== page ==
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RE: 19 May 2011 Agenda =======================================

From: David MacDonald <david100@sympatico.ca>
Date: Wed, 18 May 2011 15:07:29 -0400
Message-ID: <BLU0-SMTP8929F10375D2A653046AEEFE8F0@phx.gbl>
To: "'Gregg Vanderheiden'" <gv@trace.wisc.edu>, "'Loretta Guarino Reid'" <lorettaguarino@google.com>
CC: "'WCAG'" <w3c-wai-gl@w3.org>
I think it's important to have this discussion... because there is a lot a
stake.

 

I tried doing Chris' Excel import of HTML content from a URI on the Mac, and
unless I missed something, it is not possible on Apple. Just works on the
Windows version of excel.

 

So unless there are a number of browsers can access content, or a free
plugin that works in a number of browsers, it is not web content?

 

The Excel viewer is free, but it is not a browser plugin. 

 

So Loretta, would it be safe to say that if an excel file is downloaded from
the web, it is not web content unless some of the content within that file
is accessed from the web in real time (using this "get data from web")
function. Any other content in the Spreadsheet would not be web content? In
this case, the fact that Excel is being used as a User Agent to pull some of
the data, does not make the rest of the content web content. 

 

Is this true for Word and PowerPoint files too?

 

The thing that messes me up about that is when you have an *.xls file online
(which has a URI such as this example
http://eramp.com/david/test_url_excel.xls ) right click and the option to
open directly (rather than "save as") is presented.

 

But maybe that is just a red herring... not sure.

 

David MacDonald

www.eramp.com 

 

From: Gregg Vanderheiden [mailto:gv@trace.wisc.edu] 
Sent: May-18-11 2:38 PM
To: Loretta Guarino Reid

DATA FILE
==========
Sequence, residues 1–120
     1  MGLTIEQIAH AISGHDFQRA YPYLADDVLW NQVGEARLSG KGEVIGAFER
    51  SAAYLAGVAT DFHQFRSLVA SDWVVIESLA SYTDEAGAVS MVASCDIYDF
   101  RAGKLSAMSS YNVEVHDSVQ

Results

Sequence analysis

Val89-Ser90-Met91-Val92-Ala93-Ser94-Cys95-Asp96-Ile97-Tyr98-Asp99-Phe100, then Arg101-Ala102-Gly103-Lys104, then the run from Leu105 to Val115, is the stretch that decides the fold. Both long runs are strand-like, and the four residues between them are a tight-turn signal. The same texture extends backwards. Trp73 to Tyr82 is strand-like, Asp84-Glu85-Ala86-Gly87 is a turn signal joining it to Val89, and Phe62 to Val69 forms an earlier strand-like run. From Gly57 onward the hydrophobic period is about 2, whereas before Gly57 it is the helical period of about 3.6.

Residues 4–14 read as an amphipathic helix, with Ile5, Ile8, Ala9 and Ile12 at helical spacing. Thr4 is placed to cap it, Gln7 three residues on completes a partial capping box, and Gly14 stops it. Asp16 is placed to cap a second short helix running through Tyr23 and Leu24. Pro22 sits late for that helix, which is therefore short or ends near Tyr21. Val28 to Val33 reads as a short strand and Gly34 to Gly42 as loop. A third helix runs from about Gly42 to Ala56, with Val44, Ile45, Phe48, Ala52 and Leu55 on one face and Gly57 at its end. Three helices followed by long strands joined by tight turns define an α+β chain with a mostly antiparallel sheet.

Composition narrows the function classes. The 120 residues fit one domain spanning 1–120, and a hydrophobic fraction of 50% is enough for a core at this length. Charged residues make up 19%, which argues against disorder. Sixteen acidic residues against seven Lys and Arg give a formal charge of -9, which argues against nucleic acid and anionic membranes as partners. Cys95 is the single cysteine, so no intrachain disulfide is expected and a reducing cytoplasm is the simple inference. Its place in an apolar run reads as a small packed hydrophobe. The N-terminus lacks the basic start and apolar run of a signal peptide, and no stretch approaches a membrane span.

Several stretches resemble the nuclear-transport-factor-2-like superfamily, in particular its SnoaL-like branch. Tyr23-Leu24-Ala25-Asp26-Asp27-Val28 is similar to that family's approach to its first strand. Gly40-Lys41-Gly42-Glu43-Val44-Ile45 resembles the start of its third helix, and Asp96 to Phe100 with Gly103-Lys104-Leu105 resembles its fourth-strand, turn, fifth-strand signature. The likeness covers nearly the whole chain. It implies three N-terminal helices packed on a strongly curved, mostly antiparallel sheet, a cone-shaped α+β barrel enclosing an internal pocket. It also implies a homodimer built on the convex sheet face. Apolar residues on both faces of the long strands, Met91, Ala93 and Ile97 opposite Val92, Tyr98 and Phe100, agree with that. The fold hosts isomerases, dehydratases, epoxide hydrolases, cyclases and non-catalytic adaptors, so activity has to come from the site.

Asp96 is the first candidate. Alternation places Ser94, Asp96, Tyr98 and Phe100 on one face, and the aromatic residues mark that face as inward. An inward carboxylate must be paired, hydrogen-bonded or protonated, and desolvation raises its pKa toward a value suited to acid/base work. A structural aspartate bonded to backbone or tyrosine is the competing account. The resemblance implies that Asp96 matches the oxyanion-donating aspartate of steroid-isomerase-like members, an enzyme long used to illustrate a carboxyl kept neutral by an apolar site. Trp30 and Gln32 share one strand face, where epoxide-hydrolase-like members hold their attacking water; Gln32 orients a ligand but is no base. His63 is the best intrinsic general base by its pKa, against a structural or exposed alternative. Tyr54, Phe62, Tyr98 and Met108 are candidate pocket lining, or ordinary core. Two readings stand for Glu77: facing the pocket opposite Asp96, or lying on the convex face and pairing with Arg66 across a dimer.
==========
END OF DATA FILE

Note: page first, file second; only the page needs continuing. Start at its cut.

Cc: David MacDonald; WCAG
Subject: Re: 19 May 2011 Agenda =======================================

 

I don't think we should consider it web content if only one program can
download it and open it.  

 

OK if only one free plug in that works with a bunch of browers

 

but I would consider it download if all download it but one. 

 

but otherwise I agree

 

 

Gregg
-----------------------
Gregg Vanderheiden Ph.D.
Director Trace R&D Center
Professor Industrial & Systems Engineering
and Biomedical Engineering
University of Wisconsin-Madison

 

On May 18, 2011, at 8:20 PM, Loretta Guarino Reid wrote:





If Excel really can load directly from a URI, then I think it is a user
agent, and the content would be considered web content. If the file must be
downloaded, then I think it is not. 

So, it sounds to me like it is web content, albeit content with potential
accessibility support issues. How well does this work on Mac, Unix, etc.

Loretta

On Wed, May 18, 2011 at 10:15 AM, David MacDonald <david100@sympatico.ca>
wrote:

I think the WCAG WG needs to make some sort of statement on this issue. It's
an elephant in the middle of the room I would say. Many organizations want
to know whether Word documents, Excel sheets, and PowerPoint presentations